After reading a lot of literature on libraries in this 21st Century, it finally struck me that one area in which I have read virtually nothing is collaboration among librarians. Having consulted with numerous libraries, I find more that do not share ideas and information than do. Naturally, that lead me to investigate, and guess what I found – virtually nothing.
There is the Committee on Institutional Cooperation (CIC) made up of 13 universities partnering with Google to digitize up to 10 million volumes from their collections. The CIC’s collaborative efforts span the academic enterprise of its members, including:
• cooperative purchasing
• course sharing
• professional development programs
• library resources
• information technology
• faculty and staff networking
• study abroad
• diversity initiatives for students and faculty
There is also the Young Librarian Association in India “To promote and foster cooperation and communication among the members of YLA, the Library community, other library organizations, and other associations.”
OCLC says, “[A]lmost a decade into the 21st century, we can see that increasing technological and social changes impact how all individuals and groups cooperate. Coming from a long tradition of sharing, libraries may be better-suited than other industries to benefit from increased cooperative opportunities.”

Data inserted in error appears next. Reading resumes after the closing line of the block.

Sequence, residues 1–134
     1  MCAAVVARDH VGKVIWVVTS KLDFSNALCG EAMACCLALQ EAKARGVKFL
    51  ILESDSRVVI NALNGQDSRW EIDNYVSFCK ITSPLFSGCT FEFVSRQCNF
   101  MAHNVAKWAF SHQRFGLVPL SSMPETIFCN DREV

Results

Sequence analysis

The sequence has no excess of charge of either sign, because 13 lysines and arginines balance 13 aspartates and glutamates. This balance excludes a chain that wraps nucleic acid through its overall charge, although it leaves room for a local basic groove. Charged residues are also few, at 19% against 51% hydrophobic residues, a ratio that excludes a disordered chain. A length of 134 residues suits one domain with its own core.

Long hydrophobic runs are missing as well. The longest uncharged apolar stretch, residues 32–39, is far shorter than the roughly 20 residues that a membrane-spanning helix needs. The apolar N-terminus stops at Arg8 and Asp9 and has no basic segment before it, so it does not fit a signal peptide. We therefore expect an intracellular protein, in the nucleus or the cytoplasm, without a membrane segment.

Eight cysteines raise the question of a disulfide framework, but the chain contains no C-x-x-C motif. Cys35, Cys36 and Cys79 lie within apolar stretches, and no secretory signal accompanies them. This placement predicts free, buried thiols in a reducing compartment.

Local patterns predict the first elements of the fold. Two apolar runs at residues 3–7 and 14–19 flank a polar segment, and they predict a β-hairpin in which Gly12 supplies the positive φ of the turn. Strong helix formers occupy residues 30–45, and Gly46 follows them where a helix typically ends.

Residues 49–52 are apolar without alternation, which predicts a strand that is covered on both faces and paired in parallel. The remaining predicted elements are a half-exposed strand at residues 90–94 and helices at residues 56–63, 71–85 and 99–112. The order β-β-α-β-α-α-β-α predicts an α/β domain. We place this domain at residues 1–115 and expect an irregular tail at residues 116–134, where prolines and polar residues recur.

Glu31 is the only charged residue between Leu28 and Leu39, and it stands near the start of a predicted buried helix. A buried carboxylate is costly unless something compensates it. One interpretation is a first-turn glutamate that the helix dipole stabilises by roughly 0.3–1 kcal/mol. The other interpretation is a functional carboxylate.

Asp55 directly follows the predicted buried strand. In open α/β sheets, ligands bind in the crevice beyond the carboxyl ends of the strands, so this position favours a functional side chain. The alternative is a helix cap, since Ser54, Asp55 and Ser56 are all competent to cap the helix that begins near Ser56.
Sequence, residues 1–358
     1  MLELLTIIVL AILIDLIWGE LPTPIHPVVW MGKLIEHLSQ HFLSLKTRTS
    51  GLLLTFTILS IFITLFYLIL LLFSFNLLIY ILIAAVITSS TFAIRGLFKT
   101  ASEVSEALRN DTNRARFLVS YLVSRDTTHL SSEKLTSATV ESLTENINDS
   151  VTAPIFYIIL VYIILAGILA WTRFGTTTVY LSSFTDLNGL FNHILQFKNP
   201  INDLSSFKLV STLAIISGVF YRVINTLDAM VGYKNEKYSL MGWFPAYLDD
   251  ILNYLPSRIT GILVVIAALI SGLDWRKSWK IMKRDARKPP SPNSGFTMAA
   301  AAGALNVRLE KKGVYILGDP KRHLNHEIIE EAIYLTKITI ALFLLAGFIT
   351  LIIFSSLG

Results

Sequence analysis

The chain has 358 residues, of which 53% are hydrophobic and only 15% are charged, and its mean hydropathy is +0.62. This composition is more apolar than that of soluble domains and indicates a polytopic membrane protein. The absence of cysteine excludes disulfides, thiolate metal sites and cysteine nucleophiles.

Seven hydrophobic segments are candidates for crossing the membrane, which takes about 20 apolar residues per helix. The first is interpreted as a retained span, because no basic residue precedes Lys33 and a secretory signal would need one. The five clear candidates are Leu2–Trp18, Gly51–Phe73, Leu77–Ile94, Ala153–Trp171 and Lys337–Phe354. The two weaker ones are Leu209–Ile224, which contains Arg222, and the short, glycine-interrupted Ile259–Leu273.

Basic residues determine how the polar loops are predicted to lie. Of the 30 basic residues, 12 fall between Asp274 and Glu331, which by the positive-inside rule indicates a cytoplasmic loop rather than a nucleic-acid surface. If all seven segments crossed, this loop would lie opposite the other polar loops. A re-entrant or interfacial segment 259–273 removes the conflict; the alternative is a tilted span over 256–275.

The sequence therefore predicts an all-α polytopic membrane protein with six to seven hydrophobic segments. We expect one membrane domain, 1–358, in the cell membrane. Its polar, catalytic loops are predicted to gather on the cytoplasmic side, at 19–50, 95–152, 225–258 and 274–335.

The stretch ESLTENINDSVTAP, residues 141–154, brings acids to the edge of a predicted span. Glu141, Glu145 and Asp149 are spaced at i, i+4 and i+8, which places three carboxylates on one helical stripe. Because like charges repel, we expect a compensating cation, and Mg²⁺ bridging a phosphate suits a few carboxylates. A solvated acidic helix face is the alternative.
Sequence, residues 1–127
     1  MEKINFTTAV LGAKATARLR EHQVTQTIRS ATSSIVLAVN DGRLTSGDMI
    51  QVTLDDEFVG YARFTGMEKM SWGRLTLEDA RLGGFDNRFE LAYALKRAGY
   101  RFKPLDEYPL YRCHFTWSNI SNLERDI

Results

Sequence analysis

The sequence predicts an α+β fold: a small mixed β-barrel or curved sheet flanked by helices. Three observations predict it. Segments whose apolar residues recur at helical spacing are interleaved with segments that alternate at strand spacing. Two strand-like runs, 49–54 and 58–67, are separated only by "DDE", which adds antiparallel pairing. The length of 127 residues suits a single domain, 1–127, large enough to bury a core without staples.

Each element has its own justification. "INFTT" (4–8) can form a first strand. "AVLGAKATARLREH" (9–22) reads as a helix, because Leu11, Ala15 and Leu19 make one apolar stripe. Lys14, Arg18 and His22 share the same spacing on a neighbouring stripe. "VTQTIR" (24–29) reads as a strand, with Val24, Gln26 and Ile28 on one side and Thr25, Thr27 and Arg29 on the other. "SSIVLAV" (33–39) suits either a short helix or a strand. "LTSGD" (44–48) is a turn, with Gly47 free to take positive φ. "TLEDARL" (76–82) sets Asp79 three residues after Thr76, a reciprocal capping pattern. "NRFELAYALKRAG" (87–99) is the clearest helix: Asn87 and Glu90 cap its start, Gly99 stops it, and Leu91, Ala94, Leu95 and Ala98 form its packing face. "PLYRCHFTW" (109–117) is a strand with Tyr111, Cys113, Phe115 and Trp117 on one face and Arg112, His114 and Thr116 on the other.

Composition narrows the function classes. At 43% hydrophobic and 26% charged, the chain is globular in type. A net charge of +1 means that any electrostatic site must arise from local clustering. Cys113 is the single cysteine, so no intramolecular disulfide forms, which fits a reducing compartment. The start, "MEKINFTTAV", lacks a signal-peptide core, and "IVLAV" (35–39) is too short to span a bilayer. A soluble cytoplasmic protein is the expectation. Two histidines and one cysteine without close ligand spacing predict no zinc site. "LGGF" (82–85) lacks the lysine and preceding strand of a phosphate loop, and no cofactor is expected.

ALA tried to create a Interdivisional Committee on School/Public Library Cooperation (AASL/ALSC/YALSA), but it was organized by YALSA, and had so many restrictions, who knows if it even got off the ground. Another example of bureaucracy at work.
Almost every state has some form of regional cooperative, such as Upper Peninsula Region of Library Cooperation (UPROC) for Upper Peninsula and Northern Michigan, the New Jersey Library Cooperative, and Florida’s Panhandle Public Library Cooperative System, and many more. These include all types of libraries.
Of course, every state has a State Library Association comprised of dues-paying members, some of whom actually attend the annual conference. Many more don’t. Which is another reason to ask – Why don’t librarians collaborate more? In this new frontier of librarianship, doesn’t it seem important for librarians to collaborate and share their experiences? Most organizations call it sharing their “lessons learned.”
There are many librarians who are creating success stories in their local library, and how many share those with their colleagues?
How many colleagues call up or visit their neighbor to see what challenges they are facing and successes they have achieved?
How many organizations have a means to routinely share their success stories?
What obstacles exist that prevent librarians from sharing their achievements – problems – issues – challenges?
Doesn’t sharing experiences with colleagues equate to professional development? Who doesn’t need professional development?
My suggestion – If you want to be a successful 21st Century Librarian, COLLABORATE MORE WITH YOUR PEERS!